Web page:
CGI Technology Reveals What These Historic Figures Looked Like

CGI Technology Reveals What These Historic Figures Looked Like

By Shannon Quinn
CGI Technology Reveals What These Historic Figures Looked Like

When we go through the history books, we often see paintings and illustrations of famous people. However, this is often left up to the artist’s interpretation of the person. More often that not, paintings we see of famous people look so drastically different, it’s difficult to tell what they actually looked like. Written records can also help give us an idea of how some people looked, but these are also often biased. Lastly, there were plenty of people who were too poor to afford to have their portrait painted. Common people were rarely ever featured in records until the invention of photography. Lucky for us, modern technology has become advanced enough to where we can get a much better picture of how people actually looked from history.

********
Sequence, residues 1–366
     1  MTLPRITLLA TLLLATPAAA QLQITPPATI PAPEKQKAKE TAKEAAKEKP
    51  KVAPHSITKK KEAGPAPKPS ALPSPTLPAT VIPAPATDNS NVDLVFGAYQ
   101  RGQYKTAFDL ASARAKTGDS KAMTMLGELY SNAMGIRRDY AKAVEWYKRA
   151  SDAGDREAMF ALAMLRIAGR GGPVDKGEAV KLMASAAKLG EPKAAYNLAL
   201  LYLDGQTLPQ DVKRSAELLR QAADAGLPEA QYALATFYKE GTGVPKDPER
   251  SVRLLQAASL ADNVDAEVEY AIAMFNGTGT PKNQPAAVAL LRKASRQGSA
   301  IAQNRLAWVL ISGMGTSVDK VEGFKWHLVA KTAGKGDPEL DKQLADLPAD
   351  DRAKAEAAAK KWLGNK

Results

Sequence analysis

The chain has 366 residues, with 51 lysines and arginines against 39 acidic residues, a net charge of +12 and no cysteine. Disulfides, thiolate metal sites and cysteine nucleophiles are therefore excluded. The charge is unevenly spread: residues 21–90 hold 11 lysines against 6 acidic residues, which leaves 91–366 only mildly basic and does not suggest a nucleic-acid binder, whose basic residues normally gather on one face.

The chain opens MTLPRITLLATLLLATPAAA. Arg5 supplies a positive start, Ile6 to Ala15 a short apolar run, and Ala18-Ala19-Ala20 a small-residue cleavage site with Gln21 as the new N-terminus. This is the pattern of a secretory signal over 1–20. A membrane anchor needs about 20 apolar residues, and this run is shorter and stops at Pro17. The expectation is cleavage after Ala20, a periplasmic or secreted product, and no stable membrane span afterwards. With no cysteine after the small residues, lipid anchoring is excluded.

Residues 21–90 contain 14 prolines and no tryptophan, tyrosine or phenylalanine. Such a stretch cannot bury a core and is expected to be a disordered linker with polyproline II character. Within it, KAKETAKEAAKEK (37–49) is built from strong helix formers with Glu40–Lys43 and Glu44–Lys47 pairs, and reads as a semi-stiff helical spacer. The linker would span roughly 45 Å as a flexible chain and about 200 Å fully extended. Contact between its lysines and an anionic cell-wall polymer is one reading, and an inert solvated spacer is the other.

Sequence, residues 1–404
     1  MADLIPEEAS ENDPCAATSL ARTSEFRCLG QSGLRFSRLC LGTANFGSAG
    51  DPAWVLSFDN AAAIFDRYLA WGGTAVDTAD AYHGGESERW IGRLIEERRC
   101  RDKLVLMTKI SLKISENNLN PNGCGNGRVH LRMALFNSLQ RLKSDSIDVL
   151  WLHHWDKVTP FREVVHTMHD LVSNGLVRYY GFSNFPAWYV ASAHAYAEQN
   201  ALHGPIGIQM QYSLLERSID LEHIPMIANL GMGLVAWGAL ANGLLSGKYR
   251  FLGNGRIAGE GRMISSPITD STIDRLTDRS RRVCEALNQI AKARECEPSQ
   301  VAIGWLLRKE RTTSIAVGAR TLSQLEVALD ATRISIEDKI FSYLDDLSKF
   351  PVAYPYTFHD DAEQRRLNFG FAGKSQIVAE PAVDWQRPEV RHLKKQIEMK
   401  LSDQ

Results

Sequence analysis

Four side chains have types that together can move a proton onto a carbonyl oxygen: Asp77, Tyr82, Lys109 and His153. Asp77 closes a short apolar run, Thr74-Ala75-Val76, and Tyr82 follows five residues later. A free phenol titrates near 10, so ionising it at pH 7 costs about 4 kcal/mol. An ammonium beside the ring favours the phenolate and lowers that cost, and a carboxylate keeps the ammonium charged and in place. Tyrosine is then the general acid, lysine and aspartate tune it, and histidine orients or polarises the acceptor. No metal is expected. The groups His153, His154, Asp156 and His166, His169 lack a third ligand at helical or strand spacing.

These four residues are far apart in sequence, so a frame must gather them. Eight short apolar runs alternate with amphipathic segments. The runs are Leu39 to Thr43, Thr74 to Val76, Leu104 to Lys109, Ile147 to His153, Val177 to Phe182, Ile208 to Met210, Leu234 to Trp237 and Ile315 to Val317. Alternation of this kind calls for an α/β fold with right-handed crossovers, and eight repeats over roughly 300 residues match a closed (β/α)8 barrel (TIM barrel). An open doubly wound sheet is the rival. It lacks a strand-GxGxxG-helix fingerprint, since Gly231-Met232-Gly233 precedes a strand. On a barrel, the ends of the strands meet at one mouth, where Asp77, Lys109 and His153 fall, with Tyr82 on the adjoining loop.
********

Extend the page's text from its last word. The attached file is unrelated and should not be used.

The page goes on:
Life wasn’t easy for the Ditchling Road Man. Credit: National Geographic

30. The Ditchling Road Man Shows The Common Farmer With A Short Lifespan

 In 2019, The Brighton Museum and Art Gallery put on a showcase of depictions of people living in Brighton, United Kingdom over the course of 40,000 years. They used 7 different skulls from 7 different time periods, spanning thousands of years apart.  I’ve chosen to focus on the Ditchling Road Man, estimated to be from 2,400 B.C. He was a farmer whose skeleton was stunted by several periods of malnutrition throughout his life. You can even see in the shape of his face how he must have struggled to survive, and he died at just 25 years old. He’s considered to be one of the “Beakers” of the Bronze age. Whoever buried him left behind pottery, and snail shells near his mouth. This must have been some sort of long-forgotten burial ritual, or a last ditch attempt to feed the starving man.

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